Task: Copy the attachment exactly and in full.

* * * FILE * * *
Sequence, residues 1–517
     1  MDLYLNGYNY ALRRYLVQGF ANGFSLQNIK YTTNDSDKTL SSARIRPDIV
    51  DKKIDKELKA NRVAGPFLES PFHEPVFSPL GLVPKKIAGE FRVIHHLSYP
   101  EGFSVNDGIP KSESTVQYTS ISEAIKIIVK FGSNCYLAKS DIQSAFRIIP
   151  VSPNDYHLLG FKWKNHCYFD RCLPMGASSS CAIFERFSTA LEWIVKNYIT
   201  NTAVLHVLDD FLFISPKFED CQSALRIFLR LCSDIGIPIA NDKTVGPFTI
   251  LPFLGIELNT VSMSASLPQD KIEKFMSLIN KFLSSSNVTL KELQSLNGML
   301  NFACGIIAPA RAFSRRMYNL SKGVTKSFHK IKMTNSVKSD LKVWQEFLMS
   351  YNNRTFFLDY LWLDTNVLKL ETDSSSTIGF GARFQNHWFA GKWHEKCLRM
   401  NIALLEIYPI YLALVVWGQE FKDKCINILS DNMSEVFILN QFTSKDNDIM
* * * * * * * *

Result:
Sequence, residues 1–517
     1  MDLYLNGYNY ALRRYLVQGF ANGFSLQNIK YTTNDSDKTL SSARIRPDIV
    51  DKKIDKELKA NRVAGPFLES PFHEPVFSPL GLVPKKIAGE FRVIHHLSYP
   101  EGFSVNDGIP KSESTVQYTS ISEAIKIIVK FGSNCYLAKS DIQSAFRIIP
   151  VSPNDYHLLG FKWKNHCYFD RCLPMGASSS CAIFERFSTA LEWIVKNYIT
   201  NTAVLHVLDD FLFISPKFED CQSALRIFLR LCSDIGIPIA NDKTVGPFTI
   251  LPFLGIELNT VSMSASLPQD KIEKFMSLIN KFLSSSNVTL KELQSLNGML
   301  NFACGIIAPA RAFSRRMYNL SKGVTKSFHK IKMTNSVKSD LKVWQEFLMS
   351  YNNRTFFLDY LWLDTNVLKL ETDSSSTIGF GARFQNHWFA GKWHEKCLRM
   401  NIALLEIYPI YLALVVWGQE FKDKCINILS DNMSEVFILN QFTSKDNDIM